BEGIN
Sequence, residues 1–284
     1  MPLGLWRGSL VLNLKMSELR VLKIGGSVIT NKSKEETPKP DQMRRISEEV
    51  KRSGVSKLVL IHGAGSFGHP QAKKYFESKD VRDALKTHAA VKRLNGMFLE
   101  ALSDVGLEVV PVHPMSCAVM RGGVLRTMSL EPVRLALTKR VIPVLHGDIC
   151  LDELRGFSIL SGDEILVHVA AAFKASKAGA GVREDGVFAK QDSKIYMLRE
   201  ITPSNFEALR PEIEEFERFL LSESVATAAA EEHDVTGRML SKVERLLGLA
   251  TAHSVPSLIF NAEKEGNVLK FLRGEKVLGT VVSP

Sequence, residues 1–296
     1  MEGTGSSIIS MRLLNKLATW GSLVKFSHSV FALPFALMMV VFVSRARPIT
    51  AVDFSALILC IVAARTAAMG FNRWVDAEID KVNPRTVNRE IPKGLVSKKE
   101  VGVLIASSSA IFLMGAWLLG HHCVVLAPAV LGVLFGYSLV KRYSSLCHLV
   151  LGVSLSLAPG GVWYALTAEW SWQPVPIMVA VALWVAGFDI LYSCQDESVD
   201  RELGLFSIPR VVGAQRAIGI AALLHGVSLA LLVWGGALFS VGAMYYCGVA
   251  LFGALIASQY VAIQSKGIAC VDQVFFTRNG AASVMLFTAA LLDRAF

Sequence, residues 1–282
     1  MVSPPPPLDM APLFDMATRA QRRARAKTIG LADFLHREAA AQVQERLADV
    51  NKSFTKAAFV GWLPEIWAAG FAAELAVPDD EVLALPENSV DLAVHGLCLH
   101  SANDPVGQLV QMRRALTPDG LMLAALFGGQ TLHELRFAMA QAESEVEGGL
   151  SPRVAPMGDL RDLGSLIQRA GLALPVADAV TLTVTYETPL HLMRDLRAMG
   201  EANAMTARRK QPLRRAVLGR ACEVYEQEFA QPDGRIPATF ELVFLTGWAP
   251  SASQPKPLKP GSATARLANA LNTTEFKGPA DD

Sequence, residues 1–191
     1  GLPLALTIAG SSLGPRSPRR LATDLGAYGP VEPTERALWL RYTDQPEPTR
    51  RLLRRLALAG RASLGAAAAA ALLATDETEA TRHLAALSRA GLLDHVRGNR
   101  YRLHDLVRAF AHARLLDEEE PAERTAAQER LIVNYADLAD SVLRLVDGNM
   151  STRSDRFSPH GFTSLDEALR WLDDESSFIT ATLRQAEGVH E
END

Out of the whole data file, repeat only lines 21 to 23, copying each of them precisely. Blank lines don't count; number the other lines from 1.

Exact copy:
   251  SASQPKPLKP GSATARLANA LNTTEFKGPA DD

Sequence, residues 1–191
     1  GLPLALTIAG SSLGPRSPRR LATDLGAYGP VEPTERALWL RYTDQPEPTR